If you feel that inner itch to express something in writing and want to try your hand at writing a monologue, go for it. There is no secret recipe for writing a monologue but there are some ways to guide you in doing so.
Writers have their process, their approach, their muse, their disciplines but you have to find your own way and the only real way of writing a monologue is by simply…writing one.
That may sound a bit frustrating but try the exercise below.
Try this: Take out a pen and paper and write one single sentence.
I’ll make up a few for you right now to show that it’s not as difficult as you may think at first:
- Fran, how many times do I have to turn off the lights in this house?
- I have this strange image of this bloody volleyball coming straight at my face when I was a boy…still, to this day, I can’t recall if it was actually a real memory or something I imagined.
- Don’t look at me that way Tara, I’m not the one who told you it would be the smartest thing to do…
- Today, I went to my favorite coffee shop in New York City and you will never believe what happened inside the store.
How To Write A Monologue
Just write one single sentence of dialogue.
It’s even best if it doesn’t make any sense at first. You don’t have to have the idea all worked out before you begin writing. The less you know the more you will discover through the act of writing as write.
There may be times when you have an image or a subject matter in your mind or hear a bit of dialogue that interests you. There is a multitude of ways in which the urge to write your monologue will present itself to you.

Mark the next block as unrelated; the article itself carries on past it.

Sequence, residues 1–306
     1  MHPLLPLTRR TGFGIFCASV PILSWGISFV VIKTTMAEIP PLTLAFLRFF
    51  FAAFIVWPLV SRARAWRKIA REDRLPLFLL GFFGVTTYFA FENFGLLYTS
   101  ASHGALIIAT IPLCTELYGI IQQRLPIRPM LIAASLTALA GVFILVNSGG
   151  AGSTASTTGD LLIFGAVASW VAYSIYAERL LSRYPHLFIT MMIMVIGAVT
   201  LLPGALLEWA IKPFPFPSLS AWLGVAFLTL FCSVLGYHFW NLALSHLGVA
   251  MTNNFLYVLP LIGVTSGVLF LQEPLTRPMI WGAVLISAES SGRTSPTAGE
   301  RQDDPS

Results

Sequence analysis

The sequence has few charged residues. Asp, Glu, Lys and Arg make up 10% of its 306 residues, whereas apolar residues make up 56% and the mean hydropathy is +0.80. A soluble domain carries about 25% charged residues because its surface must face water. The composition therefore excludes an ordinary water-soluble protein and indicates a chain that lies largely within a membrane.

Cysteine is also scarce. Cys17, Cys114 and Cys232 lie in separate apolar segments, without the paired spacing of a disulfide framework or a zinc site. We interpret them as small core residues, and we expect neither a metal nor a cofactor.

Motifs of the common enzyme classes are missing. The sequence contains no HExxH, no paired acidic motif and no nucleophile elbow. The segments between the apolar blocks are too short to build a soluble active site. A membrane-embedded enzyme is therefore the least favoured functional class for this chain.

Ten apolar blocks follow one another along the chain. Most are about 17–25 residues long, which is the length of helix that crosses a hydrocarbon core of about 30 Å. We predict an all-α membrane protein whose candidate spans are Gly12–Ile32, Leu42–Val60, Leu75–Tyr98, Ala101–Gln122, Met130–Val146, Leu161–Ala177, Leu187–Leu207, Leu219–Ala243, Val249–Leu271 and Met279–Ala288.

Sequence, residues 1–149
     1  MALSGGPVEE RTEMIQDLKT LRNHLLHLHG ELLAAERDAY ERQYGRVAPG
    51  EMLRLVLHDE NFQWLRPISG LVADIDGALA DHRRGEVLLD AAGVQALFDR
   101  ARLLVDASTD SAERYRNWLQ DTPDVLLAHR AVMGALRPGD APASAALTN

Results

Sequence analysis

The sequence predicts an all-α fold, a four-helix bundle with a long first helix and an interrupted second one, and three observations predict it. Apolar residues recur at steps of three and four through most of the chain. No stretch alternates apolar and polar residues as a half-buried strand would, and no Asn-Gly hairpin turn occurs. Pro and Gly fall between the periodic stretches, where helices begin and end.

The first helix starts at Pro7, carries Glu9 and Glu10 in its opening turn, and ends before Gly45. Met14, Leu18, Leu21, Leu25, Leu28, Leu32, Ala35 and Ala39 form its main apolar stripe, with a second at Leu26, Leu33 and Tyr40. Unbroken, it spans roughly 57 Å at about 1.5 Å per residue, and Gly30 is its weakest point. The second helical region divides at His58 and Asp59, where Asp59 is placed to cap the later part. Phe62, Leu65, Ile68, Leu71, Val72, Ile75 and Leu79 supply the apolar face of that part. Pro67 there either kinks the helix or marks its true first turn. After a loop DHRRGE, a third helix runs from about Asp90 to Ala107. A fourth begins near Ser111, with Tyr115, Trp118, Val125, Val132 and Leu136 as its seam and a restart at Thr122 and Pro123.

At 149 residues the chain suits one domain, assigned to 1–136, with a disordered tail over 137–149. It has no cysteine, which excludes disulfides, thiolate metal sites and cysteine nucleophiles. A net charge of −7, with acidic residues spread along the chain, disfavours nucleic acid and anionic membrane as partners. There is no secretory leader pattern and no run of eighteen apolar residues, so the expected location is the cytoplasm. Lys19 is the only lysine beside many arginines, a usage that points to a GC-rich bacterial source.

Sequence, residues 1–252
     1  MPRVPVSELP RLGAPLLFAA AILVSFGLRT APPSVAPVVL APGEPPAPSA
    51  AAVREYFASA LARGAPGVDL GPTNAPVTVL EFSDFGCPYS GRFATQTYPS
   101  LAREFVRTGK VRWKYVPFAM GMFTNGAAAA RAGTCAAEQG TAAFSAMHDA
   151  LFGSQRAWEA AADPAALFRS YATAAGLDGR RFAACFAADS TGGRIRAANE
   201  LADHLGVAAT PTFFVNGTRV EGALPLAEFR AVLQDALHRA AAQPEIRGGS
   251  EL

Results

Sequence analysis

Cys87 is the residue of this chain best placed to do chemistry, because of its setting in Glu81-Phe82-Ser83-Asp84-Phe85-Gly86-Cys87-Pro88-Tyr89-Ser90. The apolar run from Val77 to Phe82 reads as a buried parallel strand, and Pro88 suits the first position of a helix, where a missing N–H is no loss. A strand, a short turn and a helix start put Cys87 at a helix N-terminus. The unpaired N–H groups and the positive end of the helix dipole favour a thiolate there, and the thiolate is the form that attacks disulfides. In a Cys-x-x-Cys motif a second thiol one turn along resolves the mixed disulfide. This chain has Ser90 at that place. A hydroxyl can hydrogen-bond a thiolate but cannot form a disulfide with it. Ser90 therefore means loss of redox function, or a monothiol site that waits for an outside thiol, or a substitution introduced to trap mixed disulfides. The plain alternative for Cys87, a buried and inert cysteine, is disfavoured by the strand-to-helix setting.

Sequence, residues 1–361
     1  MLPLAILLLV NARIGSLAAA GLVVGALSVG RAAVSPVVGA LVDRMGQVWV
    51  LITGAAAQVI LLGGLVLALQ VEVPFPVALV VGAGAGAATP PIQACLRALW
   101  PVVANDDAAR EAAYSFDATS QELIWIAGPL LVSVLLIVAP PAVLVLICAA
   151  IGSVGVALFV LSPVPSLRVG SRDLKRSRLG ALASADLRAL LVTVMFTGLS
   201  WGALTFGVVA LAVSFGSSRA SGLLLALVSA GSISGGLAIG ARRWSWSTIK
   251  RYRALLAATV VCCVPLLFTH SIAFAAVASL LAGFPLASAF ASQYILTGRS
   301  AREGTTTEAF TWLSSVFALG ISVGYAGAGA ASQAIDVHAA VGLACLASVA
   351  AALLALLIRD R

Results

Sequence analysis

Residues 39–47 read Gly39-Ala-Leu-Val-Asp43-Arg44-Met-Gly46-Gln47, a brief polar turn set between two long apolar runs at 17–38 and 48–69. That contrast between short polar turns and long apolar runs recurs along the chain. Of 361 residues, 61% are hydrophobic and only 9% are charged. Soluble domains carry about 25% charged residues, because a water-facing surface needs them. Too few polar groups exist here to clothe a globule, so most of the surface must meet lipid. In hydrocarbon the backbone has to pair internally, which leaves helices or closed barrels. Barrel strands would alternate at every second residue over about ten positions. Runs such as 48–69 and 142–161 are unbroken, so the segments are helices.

None of them are wrong. Follow your own process through and see where it leads.
The monologue will tell itself to you and all you have to do is write down what it’s saying by trusting yourself. Just like improvisation in acting. Same idea. Let it carry you on to the second sentence..the third…and so on. If you end up with a bunch of insanity…good. Start again or rehash it and work it, mold it, until it starts to shape into something interesting. What’s interesting? Whatever you think is interesting.
As mentioned, monologues can come from a sound, a word, a thought, an image…anything. It’s just a matter of finding the beginning of the thread and pulling it towards you or following where it leads.
There are questions like, what does the monologue have to be about? How is it structured? Beginning, middles and ends, oh my. What are the needs, motivations, circumstances, characteristics and emotional life. Who are you talking to?
These are all valid questions and concerns but you don’t want to get bogged down by overthinking them. The “questions” always have a way of answering themselves for you regardless, as you work on your monologue.
Focus on one thing and one thing only…the truth of what your heart is expressing. Thats all you need to listen to and the rest is in the doing of whatever is coming out of your pen as you write your monologue or type on your computer/phone.
It may be funny, it may be sad, doesn’t matter, so long as it’s honest.
Give it a try and surprise yourself. Break a leg! =)